Is it wise to buy now even if prices drop more?
'Is it wise to buy now even with the risk that prices may drop further?'
A few days ago there was an article published titled 'Where to Find Housing Demand,' that explored the topic of buying a home in this semi-unsteady market.
With record low interest rates and low home prices from decades ago, the housing market is not experiencing the boom that many predicted or expected such conditions to produce. The reason being, according to the article, is that consumer confidence is lower than ever due to the slim but real possibility of a double (or triple or quadruple or whatever amount we are at) recession resulting in home prices continuing to slightly drop.
This article basically stated that in such a market, 'Housing Demand', or confident home buyers, could be found among investors. The reason being that investors demand and confidence are not as affected by the possibility of another recession for several reasons:
1) Investors generally put more down and have better credit so it is easier for them to get financing
2) Investors purchase real estate as long term investments (usually 10+ years) so they are not as concerned with housing prices over the next 5 years as long as rental demand and rates are strong and increasing.
3) Rental demand and rates tend to grow during a recession as more home owners are displaced from their homes (foreclosure/short sale/bankruptcy) and need to rent; less new construction due to difficulty obtaining loans and hence creating a housing shortage; and less buyers overall can qualify for financing and therefore need to rent for extended amounts of time.
Although I completely agree that it is a great time to purchase real estate as an investor (especially in college towns where rental demand is extremely high and rates are soaring), I also believe it is a great time to purchase real estate as an owner-occupant, especially a first-home or an upgrade, for the very same reasons:
1) Sure it is more difficult now to get approved for a loan. But everyone I know who can't qualify right away, is able to qualify within two years of meeting with one of my loan officers, and usually within 6-12 months, by following the tips and advice by the loan officer to get approved. The majority of my home buyers are able to qualify right out of the gate if they have decent credit and taxable income and there are numerous low down payment or down payment assistance programs available. There are even a few government loans available that allow lower credit scores. You can't get approved if you don't try and you will be surprised about the options available to you.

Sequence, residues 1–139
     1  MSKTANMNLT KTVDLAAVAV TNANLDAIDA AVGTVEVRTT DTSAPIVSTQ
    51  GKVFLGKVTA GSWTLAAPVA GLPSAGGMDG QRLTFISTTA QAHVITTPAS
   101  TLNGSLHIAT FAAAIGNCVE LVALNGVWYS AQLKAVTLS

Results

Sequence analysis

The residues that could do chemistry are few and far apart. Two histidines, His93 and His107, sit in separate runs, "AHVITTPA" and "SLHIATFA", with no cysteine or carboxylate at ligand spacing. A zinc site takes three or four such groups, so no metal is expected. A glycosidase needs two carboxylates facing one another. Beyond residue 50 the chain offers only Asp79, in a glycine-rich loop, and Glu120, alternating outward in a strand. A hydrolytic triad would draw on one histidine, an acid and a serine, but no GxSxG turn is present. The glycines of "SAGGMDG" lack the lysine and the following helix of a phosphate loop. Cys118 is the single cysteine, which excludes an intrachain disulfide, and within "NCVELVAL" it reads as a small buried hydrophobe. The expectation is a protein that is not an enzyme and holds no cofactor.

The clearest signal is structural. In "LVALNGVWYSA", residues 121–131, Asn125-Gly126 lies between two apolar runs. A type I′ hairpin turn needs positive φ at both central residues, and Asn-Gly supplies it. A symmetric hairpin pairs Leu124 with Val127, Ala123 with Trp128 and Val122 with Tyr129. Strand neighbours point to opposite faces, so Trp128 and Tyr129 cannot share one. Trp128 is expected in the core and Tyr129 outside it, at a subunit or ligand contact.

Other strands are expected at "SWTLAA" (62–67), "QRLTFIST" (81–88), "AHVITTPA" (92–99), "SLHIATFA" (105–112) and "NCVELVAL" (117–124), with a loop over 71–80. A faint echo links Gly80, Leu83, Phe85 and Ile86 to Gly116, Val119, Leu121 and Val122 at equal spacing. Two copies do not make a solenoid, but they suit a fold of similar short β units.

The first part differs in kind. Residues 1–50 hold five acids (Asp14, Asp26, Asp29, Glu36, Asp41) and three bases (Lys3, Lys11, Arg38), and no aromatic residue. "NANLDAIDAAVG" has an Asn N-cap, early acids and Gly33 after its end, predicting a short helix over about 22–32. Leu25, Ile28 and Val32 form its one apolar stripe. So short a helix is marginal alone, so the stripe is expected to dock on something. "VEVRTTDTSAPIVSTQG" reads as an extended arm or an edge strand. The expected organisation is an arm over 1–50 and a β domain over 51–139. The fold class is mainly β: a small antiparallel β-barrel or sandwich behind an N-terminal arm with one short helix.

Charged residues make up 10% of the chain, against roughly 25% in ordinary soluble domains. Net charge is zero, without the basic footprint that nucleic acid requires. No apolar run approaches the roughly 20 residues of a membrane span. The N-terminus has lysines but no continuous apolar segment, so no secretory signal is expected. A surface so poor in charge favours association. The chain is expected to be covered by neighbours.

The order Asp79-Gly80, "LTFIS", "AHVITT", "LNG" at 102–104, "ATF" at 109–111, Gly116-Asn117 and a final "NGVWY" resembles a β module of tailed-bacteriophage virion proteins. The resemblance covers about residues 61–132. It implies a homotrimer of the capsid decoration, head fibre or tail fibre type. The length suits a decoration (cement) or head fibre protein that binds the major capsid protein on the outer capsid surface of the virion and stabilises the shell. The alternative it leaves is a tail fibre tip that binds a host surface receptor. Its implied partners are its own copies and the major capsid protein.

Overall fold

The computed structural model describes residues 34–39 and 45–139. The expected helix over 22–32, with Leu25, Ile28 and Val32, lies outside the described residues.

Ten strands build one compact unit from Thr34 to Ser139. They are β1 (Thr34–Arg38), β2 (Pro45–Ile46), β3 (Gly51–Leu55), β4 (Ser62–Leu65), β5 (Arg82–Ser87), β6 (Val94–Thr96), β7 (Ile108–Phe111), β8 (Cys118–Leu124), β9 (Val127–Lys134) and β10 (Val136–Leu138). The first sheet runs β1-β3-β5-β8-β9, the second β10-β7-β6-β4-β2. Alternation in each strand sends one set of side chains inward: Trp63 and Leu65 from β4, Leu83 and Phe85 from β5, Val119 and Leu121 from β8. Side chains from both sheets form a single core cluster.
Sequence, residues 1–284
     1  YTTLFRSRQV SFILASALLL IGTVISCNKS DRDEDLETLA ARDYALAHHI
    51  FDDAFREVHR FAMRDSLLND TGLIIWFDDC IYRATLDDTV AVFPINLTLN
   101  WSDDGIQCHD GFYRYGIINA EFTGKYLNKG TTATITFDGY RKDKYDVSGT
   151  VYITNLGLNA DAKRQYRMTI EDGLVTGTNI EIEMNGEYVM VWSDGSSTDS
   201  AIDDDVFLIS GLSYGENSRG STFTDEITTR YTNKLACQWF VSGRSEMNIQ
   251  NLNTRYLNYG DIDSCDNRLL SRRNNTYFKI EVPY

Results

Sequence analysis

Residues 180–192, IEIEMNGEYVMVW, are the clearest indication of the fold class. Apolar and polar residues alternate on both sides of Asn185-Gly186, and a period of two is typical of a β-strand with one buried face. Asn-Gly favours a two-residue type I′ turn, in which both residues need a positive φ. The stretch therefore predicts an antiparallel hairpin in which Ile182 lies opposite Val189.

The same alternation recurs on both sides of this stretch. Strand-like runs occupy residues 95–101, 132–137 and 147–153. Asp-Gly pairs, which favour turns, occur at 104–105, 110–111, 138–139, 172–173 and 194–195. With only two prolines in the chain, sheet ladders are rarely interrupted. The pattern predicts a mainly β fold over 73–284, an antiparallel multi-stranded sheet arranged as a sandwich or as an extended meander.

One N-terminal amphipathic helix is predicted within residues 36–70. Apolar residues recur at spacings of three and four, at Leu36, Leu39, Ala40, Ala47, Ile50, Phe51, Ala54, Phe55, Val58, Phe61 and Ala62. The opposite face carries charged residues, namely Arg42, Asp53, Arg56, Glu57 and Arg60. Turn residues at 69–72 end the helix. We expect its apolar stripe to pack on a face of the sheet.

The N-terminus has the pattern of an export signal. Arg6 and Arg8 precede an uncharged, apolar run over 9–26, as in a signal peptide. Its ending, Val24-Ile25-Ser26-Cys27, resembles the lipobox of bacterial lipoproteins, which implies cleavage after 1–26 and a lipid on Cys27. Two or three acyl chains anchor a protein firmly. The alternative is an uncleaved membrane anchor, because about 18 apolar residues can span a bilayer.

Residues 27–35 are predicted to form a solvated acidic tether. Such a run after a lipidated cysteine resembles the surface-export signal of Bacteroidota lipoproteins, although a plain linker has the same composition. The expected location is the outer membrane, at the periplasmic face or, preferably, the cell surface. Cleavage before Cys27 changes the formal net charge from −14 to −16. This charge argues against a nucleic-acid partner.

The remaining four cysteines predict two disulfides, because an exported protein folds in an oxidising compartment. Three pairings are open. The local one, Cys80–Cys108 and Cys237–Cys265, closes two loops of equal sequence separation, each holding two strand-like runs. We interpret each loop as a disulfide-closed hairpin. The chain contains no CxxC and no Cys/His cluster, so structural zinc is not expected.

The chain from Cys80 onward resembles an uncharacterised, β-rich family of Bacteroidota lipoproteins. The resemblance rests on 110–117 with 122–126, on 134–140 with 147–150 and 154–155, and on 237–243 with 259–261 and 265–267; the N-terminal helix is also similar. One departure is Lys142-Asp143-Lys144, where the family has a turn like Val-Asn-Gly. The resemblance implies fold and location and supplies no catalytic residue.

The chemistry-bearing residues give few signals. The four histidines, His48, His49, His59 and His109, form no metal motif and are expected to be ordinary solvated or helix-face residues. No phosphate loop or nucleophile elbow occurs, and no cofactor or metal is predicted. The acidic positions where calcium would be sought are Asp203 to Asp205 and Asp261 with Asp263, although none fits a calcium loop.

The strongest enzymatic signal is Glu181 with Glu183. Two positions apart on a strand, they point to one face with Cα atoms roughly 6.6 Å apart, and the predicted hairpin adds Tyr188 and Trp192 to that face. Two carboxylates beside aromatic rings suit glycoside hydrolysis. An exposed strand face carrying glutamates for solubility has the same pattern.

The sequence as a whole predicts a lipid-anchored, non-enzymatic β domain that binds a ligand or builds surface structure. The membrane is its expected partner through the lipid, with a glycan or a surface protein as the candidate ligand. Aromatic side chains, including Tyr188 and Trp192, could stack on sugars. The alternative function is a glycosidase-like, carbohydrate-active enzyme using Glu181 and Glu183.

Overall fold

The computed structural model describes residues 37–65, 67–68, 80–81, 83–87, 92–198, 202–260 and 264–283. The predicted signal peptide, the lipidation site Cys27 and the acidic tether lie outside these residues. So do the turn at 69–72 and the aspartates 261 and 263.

2) If you are planning to occupy your home for over 10, or even 5 years, then you are in the same position as investors. Even if home prices drop another 2-4% (which I know they won't in certain markets and probably won't in most), if rental rates continue to increase, or interest rates jump back up a percentage or two, or you can't qualify in the future due to a change of circumstances (change of employment, going back to school, etc), then it would be much wiser economically to buy now. The amount of your loan you could pay off in 5-10 years at a lower interest rate would more than make up for a slight drop in home prices or the money you were wasting on inflated rental prices. Saving $5k on a home by purchasing it in 3 years at 5% interest would save you absolutely NO money compared with buying that home for $5k more now at 3.75% interest and paying off $10k of principle during the three years and having a much lower interest rate for the remainder of the loan. Even if you have to move out in 3-5 years, you could easily cover your mortgage payments with renters and then turn the property into an investment property (but with the interest rate of an owner-occupied loan).
3) If you are able to buy now, your monthly mortgage payment will basically stay the same for the remainder of your loan, while rental rates will continue to rise. On average nationwide, rental rates increase 3-4% annually. In addition, even if you were paying the exact same amount in rent as you would be paying on a mortgage payment, a large portion of your mortgage payment gets applied to principle, and your interest on the mortgage is tax deductable, saving you thousands per year.
So if you are an investor, or looking to upgrade from your current home, or thinking about buying your first home, you really don't need to be too concerned about home prices dropping a little bit more. You should be more concerned with throwing away your money and inflated rental prices and risking a jump in interest rates.
To discuss your options, please contact me and I will connect you with an amazing loan officer/mortgage broker who can pre-qualify you or advise you on how to prepare for a future home mortgage.
To view the article visit here: 'Where to Find Housing Demand'
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